Crowdfunding with IRAs

by | Friday November 19, 2021
Crowdfunding with IRAs

This blog is was written by our KorePartners at New Direction Trust Co. View the original article here

 

It would be an understatement to say the financial landscape has changed in the past decade. Businesses accept payments with Square, investors buy stocks through apps while listening to podcasts, and cryptocurrency went from geek niche to cultural phenomena overnight. Alongside these is another monumental shift: crowdfunding.

What is crowdfunding?

Crowdfunding is a type of investment in a business or venture. However, unlike angel investing or stock purchases, crowdfunding typically involves smaller sums from a large group.

There are multiple types of crowdfunding, each with a slightly different purpose:

  • Rewards-based crowdfunding: This type of crowdfunding is the most well-known, thanks to Kickstarter. In rewards-based crowdfunding, people invest in a company in exchange for a reward, typically a discounted final product or service.
  • Donation-based crowdfunding: This is charitable crowdfunding, in which people donate their money expecting nothing in return. Donation-based crowdfunding is typically used by charities looking to fund a project or to help with medical bills or recovery expenses via sites like GoFundMe.
  • Debt-based crowdfunding: This type of crowdfunding is used when a company needs a large sum of money to cover some kind of expense or acquisition. In exchange for donations, the recipient typically promises some kind of repayment to those donating.
  • Equity-based crowdfunding: In equity-based crowdfunding, investors put their money into a company in exchange for shares. This type of crowdfunding gives startups the chance to grow through funding, and investors the opportunity for a potential return on their investment.
  • Real estate crowdfunding: This type of crowdfunding involves multiple people pooling their money together to fund any kind of real estate project. Real estate crowdfunding can be as simple as buying a rental property with multiple people or funding a new building entirely.

Beyond the above-listed types, there are other types of crowdfunding that offer different returns and possibly perks for investors.

How does crowdfunding with an IRA work?

Crowdfunding with a self-directed account is surprisingly straightforward, thanks largely to the 2011 JOBS Act. Crowdfunding with a self-directed account involves only a few simple steps.

  • Verify you have the right kind of tax-advantaged account. Crowdfunding through your IRA or Solo 401k requires a self-directed IRA or Solo 401k.
  • Choose a trust company specializing in self-directed IRAs or Solo 401ks to custody the asset you’re interested in. This company will handle the details of ensuring your assets are used to crowdfund the asset of your choice.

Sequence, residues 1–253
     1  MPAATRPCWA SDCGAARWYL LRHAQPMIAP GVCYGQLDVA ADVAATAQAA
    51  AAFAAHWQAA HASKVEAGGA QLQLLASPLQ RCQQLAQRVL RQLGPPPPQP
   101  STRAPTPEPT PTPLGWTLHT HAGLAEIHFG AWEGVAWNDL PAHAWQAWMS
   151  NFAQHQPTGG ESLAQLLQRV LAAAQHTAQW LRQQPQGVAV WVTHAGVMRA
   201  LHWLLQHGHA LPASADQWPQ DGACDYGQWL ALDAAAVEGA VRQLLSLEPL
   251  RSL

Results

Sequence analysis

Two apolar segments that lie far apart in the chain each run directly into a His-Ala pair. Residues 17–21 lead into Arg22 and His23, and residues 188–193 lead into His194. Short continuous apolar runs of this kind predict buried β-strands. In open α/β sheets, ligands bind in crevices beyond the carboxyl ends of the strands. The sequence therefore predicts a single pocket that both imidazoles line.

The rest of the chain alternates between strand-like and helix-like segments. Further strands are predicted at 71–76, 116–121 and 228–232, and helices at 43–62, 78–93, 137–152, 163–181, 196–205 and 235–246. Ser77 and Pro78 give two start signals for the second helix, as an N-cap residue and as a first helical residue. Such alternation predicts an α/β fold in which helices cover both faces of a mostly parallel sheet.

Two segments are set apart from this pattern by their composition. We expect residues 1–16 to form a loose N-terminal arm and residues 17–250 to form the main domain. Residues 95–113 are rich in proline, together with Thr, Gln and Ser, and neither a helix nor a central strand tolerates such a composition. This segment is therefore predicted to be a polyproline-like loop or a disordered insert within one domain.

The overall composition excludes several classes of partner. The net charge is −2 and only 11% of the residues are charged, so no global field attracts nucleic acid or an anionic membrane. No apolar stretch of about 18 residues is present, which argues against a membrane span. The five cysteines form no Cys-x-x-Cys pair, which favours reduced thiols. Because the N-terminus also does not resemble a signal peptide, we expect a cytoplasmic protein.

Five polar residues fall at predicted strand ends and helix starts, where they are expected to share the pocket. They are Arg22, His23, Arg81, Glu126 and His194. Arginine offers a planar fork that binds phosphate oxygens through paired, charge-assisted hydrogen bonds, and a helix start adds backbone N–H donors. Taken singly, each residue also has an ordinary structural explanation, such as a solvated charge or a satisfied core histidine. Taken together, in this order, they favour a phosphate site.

• Open and fund your account. This is typically done via a transfer or rollover of existing funds from an IRA or Solo 401k, or you can choose to contribute new funds subject to contribution limits.
  • Select what kind of investments you’d like to make, real estate crowdfunding or another type of crowdfunding.
  • Complete the investment process and monitor your account for performance.

If the above process sounds simple, good, it should be. The right trust company will take care of the transactions while leaving you in the driver’s seat.

Four Red Flags When Crowdfunding

Crowdfunding can make for great investment opportunities and generate excellent returns. But, like all investing, crowdfunding involves risks.

  • The company has no online footprint. If you Google the company or founders and find nothing, this is a big red flag. Any enterprise trying to raise money should have some level of awareness around their product or opportunity. And if nothing else, the founders should have some kind of presence online. If you’re unable to find any history about the opportunity or those behind it, proceed with caution and look for other opinions.
  • The opportunity guarantees returns. Some opportunities really are too good to be true. Language like “guaranteed returns” or “double your investment” and so on is a sign the company is trying to mislead you. There are few guarantees in life, and investments are far from them. While some investments, like government-backed certificates of deposit, are safer than others, you won’t find a guarantee on a crowdfunding opportunity.
  • The math is funky. This point is especially relevant when you’re dealing with real estate crowdfunding. Closely examine the numbers when looking at investment properties. If the account holder claims you’ll make a certain amount but you’re not arriving at the same number after expenses, taxes, and other costs are factored in, double check the math. You may need to move on.
  • The valuation is inflated. When you’re looking at crowdfunding a startup, pay close attention to the valuation. It’s not unheard of for companies or crowdfunding platforms to inflate the valuation of a startup to draw more investors. If a company is brand new with no backing, it’s unlikely they’re worth $600 million. If the deal feels too good to be true, it might be.
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